“Why is Williams’ draft stock slipping?

“Like most young tight ends — he is just 20 years old — he struggles at times with his blocking and route running.”

“Williams also reportedly came off a bit immature and self-centered during NFL combine interviews, as he struggled to give good answers to some difficult questions.”

The Arizona Cardinals, Baltimore Ravens and New Orleans Saints are all picking late in round 1 and may be tempted to take a chance on Williams.  The Bears cold also use a second tight end opposite Martellus Bennett.

There is an alternative. In the mock draft that I’m participating in the Atlanta Falcons representative took wide receiver Devin Funchess as a tight end instead of taking Williams. Funchess is 6-4 1/2, 232 lb and if he can learn to block, he could be tough to stop as a receiving tight end. Teams needing pass blocking tight ends might even resort to converting offensive tackles or linebackers.  It will be interesting to see if that’s what teams decide to do instead of taking a risk on the borderline tight end prospects that are available up and down the draft.

Adrian Peterson – The Saga Continues

Chris Wesseling at nfl.com reviews the current state of the Adrian Peterson saga in Minnesota:

“After meeting at Peterson’s home earlier this month, general manager Rick Spielman recently requested a dinner session with the star running back’s agent, Ben Dogra, at the upcoming NFL Annual Meeting in Phoenix. Dogra declined, NFL Media’s Albert Breer reported, per a source with knowledge of the situation. Yahoo’s Charles Robinson first reported the news.

“Multiple sources close to Peterson have informed Breer that the major sticking point is Kevin Warren‘s recent promotion from general counsel to COO. Under the impression that Warren worked with the NFL to place him on the Exempt/Commissioner’s Permission List last September, Peterson still wants out of Minnesota, Breer added.”

“Robinson has reported that the Cardinals will offer a high draft pick if Peterson becomes available. Franchise icon Larry Fitzgerald deemed the prospect of adding a player of that caliber a ‘game-changer’ for Arizona.”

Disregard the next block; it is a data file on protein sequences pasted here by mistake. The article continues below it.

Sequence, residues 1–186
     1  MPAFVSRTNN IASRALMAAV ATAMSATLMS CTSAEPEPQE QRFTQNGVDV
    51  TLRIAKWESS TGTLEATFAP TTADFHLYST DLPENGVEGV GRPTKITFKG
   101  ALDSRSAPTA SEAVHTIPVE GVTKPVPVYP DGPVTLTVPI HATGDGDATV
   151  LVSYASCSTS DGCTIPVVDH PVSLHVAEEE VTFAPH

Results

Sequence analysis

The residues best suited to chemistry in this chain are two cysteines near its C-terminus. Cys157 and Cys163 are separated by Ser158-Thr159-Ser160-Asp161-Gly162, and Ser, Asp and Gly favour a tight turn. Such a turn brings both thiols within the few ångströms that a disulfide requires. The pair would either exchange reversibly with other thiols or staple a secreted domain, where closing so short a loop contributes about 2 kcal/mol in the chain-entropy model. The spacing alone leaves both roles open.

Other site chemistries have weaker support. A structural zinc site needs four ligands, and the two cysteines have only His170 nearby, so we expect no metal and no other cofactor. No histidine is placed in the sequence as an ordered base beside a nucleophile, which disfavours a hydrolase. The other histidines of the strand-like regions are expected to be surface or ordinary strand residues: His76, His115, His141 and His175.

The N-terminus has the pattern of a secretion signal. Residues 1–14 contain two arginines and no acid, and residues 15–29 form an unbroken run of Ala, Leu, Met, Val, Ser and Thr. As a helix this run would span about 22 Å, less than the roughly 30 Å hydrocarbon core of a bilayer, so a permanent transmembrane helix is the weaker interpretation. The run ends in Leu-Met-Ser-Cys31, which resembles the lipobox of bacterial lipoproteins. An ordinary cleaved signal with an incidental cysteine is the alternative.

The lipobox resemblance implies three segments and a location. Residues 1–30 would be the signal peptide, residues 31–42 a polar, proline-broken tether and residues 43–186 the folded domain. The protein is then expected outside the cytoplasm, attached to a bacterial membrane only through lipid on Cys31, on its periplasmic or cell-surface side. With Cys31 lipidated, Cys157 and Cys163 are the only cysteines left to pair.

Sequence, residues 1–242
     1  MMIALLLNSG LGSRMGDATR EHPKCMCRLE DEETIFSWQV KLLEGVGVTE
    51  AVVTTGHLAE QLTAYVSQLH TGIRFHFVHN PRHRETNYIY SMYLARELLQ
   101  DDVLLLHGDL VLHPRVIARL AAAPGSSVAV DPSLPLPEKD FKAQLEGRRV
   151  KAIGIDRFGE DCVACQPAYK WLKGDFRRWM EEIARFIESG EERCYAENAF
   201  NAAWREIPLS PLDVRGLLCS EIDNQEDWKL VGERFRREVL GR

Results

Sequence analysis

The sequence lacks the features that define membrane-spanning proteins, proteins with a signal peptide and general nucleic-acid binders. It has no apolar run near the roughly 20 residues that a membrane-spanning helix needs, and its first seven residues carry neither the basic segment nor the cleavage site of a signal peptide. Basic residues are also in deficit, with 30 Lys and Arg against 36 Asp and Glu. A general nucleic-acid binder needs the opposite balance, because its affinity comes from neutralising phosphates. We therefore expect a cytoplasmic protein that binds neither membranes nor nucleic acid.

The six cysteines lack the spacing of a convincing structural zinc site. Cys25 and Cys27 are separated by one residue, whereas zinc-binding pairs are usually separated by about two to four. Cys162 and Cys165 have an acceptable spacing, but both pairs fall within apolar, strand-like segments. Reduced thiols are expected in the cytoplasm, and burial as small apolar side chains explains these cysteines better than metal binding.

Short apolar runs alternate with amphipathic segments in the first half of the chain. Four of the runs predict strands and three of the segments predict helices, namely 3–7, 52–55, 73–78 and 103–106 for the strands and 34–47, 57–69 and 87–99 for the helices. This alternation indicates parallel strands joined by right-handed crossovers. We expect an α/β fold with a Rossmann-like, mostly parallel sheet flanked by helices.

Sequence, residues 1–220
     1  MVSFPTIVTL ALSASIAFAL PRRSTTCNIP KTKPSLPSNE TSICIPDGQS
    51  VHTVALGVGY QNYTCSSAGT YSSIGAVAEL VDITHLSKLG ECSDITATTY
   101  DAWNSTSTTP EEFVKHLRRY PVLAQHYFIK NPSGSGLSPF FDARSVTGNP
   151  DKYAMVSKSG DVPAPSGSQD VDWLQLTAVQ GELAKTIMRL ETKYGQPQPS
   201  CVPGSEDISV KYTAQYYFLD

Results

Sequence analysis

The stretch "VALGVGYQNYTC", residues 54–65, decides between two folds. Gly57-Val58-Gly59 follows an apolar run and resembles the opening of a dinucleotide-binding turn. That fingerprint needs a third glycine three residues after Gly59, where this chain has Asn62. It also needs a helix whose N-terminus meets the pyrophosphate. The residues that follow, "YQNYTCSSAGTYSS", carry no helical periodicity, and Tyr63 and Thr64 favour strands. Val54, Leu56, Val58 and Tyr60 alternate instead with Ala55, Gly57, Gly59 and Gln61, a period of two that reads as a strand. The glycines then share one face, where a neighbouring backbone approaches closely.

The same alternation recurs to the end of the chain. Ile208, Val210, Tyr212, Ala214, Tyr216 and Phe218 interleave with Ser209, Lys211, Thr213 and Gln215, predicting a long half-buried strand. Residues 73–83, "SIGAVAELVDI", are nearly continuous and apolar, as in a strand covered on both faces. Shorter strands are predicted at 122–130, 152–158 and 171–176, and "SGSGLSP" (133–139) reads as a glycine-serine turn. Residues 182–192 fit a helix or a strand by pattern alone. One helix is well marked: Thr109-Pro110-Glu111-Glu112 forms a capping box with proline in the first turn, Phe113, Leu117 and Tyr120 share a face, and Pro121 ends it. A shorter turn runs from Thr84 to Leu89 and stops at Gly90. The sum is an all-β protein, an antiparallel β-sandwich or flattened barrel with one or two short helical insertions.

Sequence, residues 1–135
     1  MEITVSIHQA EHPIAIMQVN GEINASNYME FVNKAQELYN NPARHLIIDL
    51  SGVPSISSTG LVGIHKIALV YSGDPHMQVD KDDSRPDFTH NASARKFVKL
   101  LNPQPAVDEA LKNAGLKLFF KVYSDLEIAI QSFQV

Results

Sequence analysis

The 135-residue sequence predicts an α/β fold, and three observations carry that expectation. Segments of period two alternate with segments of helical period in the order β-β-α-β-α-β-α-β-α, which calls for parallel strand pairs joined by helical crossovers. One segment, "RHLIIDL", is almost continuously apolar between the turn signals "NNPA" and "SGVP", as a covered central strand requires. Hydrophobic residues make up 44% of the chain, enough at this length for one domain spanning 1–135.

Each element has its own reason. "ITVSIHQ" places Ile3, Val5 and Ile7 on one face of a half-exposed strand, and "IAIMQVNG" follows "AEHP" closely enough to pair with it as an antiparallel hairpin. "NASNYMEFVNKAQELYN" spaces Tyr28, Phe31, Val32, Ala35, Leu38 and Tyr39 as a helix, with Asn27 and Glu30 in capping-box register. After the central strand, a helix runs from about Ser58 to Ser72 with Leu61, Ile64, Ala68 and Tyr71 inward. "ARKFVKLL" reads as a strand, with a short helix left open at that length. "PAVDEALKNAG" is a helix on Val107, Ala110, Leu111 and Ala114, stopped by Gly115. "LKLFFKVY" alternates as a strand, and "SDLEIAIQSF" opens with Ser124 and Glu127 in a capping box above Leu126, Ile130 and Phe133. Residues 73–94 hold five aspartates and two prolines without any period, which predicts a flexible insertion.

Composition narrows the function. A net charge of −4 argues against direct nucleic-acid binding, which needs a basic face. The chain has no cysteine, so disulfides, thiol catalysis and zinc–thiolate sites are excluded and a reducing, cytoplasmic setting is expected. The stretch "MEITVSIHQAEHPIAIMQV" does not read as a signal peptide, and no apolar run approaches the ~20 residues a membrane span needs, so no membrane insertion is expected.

A few thoughts here:

  1. First, Peterson is doing himself no favors by retaining Dogra as his agent. Dogra reportedly engaged in a heated exchange with Vikings vice president of football operations Rob Brzezinski at the NFL Combine during which he was said to have screamed that Peterson would never play for the Vikings again.”Super agent” or not, anyone who loses his cool in a public exchange that should be purely business shouldn’t be negotiating contracts. Dogra’s got a combative style and his grudge against Brzezinski at least is well-known. He’s not going to be the kind of guy who is going to be capable of the kind of dispassionate thinking needed to act in the best interests of his client.
  2. Second, Dogra is obviously campaigning to get Peterson traded. By telling teams that the Vikings have no intension of releasing him, he’s trying to get them to make offers rather than wait and see if they can get him for nothing. But if either the Cardinals or Dogra think anyone is going to get Peterson for “a high round pick”, they’re dreaming. Even in his 30s, Peterson almost certainly has many years left. If the Vikings accept anything less than a package that includes multiple first round picks they’re fools. And they’re not fools. Peterson is worth far more to the Vikings than anything anyone else is likely to offer.
  3. Finally, Dogra can try to get Peterson traded all he wants, Peterson’s best option will likely be to play in Minnesota. He’ll almost certainly get more money there than anywhere else. In addition, if the Vikings play hardball – and I think they eventually will when push comes to shove – Peterson’s likely options will be to play for them or lose a ton of money in salary sitting at home. Players threaten to sit out all the time but rational thinking almost always prevails and the player ends up playing. Again, assuming that Dogra actually manages to recommend what’s best for his client, that’s what Peterson will do.

Some Personal Favorites for Bears Head Coach and Other Points of View

Bears

  • Matt Forte‘s thoughts after the Minnesota game were probably very pertinent to the Bears current situation. Via Dan Wiederer at the Chicago Tribune:

    “Sometimes we line up in a formation that we ran a specific play out of a few more times than we should have. Defenses are smart. They watch film, read their keys and they know stuff like that.”

    The Vikings were keying on the screen game and stopping it cold. The Bears never adjusted. Brad Biggs at the Chicago Tribune supports my claim:

    “The Bears said they didn’t gameplan to get Matt Forte the eight receptions he needed to surpass Larry Centers for the NFL single-season record for a running back at 102. It just happened. Unfortunate thing is the eight catches went for only 23 yards. That is proof they were not all designed. According to Pro Football Reference, it was only the fifth time since 1960 a player has had eight catches and 23 or less yards. In 1995, Jets running back Adrian Murrell had nine receptions for 12 yards in a 12-0 loss to the Saints.”

    The Bears never really adjusted offensively to any of the things that defenses were doing to them. Not Sunday. Not before Sunday. Not in game. Not between games. The vast majority of the time the only thing they did at half time as far as I could tell was recommit to the original plan. And the original plan always looked the same. And not surprisingly the results looked the same. That’s probably a major reason why Marc Trestman is no longer the Bears head coach.